No. 1 Michigan State will find out soon how it stacks up
EAST LANSING, Mich. (AP) — Michigan State's basketball team is ranked No. 1 in the preseason for the first time and is looking forward to validating the votes.
"Now you have to go out and prove why you're ranked No. 1," All-America guard Cassius Winston said.
The Spartans will find out soon if they're that good because Hall of Fame coach Tom Izzo has put together one of his toughest schedules — even for him. Izzo regularly tests his teams during the nonconference schedule, hoping it prepares them to win Big Ten championships and contend for national titles.
If Izzo can cut down the nets after winning a second NCAA championship, he may look back on a grueling gauntlet of games fondly.
The top-ranked Spartans open the season against No. 2 Kentucky on Nov. 5 in New York and return to the area the following week to play No. 12 Seton Hall. At the Maui Invitational, Michigan State could match up with No. 3 Kansas. And less a month after the opener, Michigan State plays No. 4 Duke in one of the most highly anticipated games in Breslin Center history.
"With the brutal schedule we play early, especially in the first 26 days, I think it will be important to maintain a perspective regardless of wins and losses and what we're really trying to accomplish," Izzo said. "We're trying to accomplish get better every day. We're trying to accomplish get better by the end of the season. And, that's what we're going to keep our eyes on."
Winston could have entered the NBA draft last summer as an All-America guard and Big Ten player of the year. Winston briefly looked into his options with the league and was told he would likely be a second-round pick. He returned for his senior season in the hopes of capping his career with the school's third national championship.
"You dream of going to the NBA, that's the ultimate goal, and it's hard to turn down," he said. "But the NBA is going to be there."
Winston is the only consensus selection on The Associated Press preseason All-America team.
To be considered one of the best at the end of the year, Winston relentlessly worked on improving his 6-foot-1, 185-body over the offseason after being told to rest for six weeks. Winston said he reduced his body fat by 6% after lifting weights five days a week.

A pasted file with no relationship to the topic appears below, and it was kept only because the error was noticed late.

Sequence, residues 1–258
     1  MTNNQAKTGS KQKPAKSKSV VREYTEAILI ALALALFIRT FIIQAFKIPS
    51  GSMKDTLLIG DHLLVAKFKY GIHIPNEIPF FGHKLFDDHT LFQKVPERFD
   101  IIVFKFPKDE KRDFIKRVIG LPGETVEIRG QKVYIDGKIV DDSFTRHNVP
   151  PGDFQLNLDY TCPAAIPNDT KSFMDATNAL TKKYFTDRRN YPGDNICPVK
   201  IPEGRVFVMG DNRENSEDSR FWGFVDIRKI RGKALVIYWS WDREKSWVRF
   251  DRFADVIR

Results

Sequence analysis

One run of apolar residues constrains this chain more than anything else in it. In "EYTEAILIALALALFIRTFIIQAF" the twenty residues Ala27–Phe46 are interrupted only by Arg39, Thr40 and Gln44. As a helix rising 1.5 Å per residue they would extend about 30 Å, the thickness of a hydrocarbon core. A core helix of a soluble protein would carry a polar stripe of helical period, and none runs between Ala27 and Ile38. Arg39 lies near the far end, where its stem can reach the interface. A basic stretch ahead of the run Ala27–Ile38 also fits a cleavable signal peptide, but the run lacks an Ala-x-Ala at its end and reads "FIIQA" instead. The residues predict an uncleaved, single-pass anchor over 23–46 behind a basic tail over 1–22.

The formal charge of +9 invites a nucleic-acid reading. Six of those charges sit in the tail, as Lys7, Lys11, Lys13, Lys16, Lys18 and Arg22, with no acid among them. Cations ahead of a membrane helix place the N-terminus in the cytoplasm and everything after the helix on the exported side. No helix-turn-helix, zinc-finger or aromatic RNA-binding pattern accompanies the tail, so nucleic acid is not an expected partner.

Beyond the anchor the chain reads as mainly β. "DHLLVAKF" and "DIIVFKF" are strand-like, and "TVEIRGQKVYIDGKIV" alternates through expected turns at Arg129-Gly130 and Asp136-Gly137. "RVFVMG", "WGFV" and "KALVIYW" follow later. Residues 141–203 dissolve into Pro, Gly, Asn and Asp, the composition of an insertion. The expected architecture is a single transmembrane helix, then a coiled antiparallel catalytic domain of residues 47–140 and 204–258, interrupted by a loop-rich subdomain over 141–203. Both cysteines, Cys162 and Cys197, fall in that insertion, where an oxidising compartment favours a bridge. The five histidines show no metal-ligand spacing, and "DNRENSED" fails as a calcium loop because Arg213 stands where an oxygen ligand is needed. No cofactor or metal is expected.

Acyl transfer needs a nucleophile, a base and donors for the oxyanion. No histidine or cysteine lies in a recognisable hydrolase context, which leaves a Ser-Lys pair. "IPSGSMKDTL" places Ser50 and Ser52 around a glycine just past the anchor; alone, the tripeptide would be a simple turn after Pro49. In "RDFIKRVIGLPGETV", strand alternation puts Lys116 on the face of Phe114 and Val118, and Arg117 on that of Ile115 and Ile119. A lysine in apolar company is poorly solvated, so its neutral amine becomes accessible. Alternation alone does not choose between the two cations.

"He is the straw that stirs the drink and I think deserves all the attention he's been getting because he is a special player," Izzo said.
Michigan State will be without senior Joshua Langford, the projected starter at shooting guard, until at least January. He had a setback with a foot injury that led to him playing just 13 games last season and needing surgery after averaging 15 points per game.
"He's handled everything a lot better than I would have handled it," Izzo said. "And, now my job is to support him in every way I can."
Senior Kyle Ahrens is out for about a week with an ankle injury after missing last season's run to the Final Four because of an ankle injury. Highly touted freshman guard Rockets Watts was limited in a scrimmage against Gonzaga because of a strained Achilles tendon injury, but he was able to practice this week.
COMING AND GOING
Michigan State opens the season with Xavier Tillman and Aaron Henry returning as starters along with Winston and four other players coming back with some level of experience from last season. The Spartans may miss the low-post scoring presence of Nick Ward, who skipped his senior year to play professionally. They also will need new players to step in to fill the outside shooting, defensive and leadership roles previously filled by Matt McQuaid and Kenny Goins.
Izzo's son, Steven, is a walk-on freshman after growing up going to games as a fan in the stands. The 5-8, 150-pound guard played for Lansing Catholic High School last season, playing without his father in attendance 16 times.
"I just want to make sure everybody knows nobody's taking a scholarship from anybody or really a spot from anybody," Izzo said.